Health care, natural resources, public administration, information/culture/recreation and technology sectors are leading Surrey’s jobs recovery.
The July 2022 Surrey Labour Market Intelligence Report has been released by the Surrey Board of Trade.
“Tracking labour market trends in an ongoing way is important to ensure our policy framework is focused on developing a suitably skilled workforce, a broad availability of good-quality education as a foundation for future training, and a close matching of skills supply to the needs of enterprises and labour markets. It enables workers and enterprises to adjust to changes in technology and markets, and to anticipate and prepare for the skills needs of the future,” said Anita Huberman, President & CEO, Surrey Board of Trade. “This will fuel innovation, investment, economic diversification and competitiveness, as well as social and occupational mobility.”
Employment in Surrey in June 2022 was an estimated impressive 3.8%, or an over 11,300 jobs, above employment before the pandemic in February 2020, and over 36,000 higher than the lowest job levels in April 2020 for a 13.3% lift.
In June 2022, the Surrey economic recovery from the COVID-19 pandemic continued to be driven by knowledge-based industries and resource industries, with a lagging continued recovery in the construction and larger service-producing sectors.
Health care, natural resources, public administration, information/culture/recreation and technology sectors are leading the Surrey jobs recovery. An exception to knowledge-based growth is growth in resources, which are over 1,600 above pre-pandemic employment levels. The single largest growth in terms of occupational categories has been in business, finance and administration positions with an increase of 7,296 jobs.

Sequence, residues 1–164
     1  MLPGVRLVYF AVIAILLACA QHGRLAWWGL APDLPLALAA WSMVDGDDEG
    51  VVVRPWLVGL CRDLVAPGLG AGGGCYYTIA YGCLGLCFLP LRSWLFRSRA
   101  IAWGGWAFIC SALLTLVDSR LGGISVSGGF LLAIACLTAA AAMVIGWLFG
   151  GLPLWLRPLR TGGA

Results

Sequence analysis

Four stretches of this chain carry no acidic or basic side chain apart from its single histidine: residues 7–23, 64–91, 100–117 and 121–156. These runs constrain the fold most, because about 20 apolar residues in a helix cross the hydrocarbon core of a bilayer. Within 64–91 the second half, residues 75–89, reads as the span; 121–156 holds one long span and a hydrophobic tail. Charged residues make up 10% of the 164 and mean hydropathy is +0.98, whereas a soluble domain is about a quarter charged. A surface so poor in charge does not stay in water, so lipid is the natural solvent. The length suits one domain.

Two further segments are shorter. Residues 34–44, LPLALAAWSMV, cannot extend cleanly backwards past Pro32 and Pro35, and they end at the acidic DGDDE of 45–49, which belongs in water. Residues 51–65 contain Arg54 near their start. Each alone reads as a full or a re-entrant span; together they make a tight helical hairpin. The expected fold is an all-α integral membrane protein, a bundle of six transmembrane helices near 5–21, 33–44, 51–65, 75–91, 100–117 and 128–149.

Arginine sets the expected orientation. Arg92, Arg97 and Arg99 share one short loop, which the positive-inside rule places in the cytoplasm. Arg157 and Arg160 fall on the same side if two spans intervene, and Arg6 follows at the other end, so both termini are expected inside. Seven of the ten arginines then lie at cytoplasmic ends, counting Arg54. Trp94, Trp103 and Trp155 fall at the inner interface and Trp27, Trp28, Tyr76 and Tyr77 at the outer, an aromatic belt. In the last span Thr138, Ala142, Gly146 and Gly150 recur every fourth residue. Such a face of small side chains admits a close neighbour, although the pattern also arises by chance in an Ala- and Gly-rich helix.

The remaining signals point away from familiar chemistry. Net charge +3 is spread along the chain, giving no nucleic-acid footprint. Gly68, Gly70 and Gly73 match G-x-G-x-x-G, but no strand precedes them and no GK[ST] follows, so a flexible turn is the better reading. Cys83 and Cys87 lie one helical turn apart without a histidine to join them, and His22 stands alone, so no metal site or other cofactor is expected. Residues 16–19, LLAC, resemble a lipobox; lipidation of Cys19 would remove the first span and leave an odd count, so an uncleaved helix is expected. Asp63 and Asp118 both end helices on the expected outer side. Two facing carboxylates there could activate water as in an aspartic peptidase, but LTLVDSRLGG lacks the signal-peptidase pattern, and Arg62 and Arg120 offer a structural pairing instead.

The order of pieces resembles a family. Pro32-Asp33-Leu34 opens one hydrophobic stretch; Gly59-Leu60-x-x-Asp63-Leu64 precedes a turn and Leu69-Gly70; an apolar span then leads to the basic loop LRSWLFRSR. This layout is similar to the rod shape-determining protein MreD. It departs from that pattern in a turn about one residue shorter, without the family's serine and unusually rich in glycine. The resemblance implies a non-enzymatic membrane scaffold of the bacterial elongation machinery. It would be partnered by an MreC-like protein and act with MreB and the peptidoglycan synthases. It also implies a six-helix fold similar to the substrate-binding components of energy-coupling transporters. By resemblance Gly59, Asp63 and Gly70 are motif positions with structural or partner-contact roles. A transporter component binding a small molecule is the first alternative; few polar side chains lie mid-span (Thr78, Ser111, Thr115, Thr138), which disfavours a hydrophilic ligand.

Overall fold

While Surrey’s construction sector has recovered significantly in the last few months, its employment level is still down by 3,647 jobs. The large accommodation and food services sector has finally recovered to almost the February 2020 jobs level. While wholesale and retail trade, and finance, insurance and real estate sectors are still below pre-pandemic employment, the important information, culture and recreation sector is up 1,602 jobs for a 16.9% increase above February 2020.
Sales and service, and trades, transport and equipment operator positions (the latter to a much smaller degree) remain lower than before the pandemic. Sales and service jobs in Surrey are responsible for a large majority of the employment deficit at almost 10,000.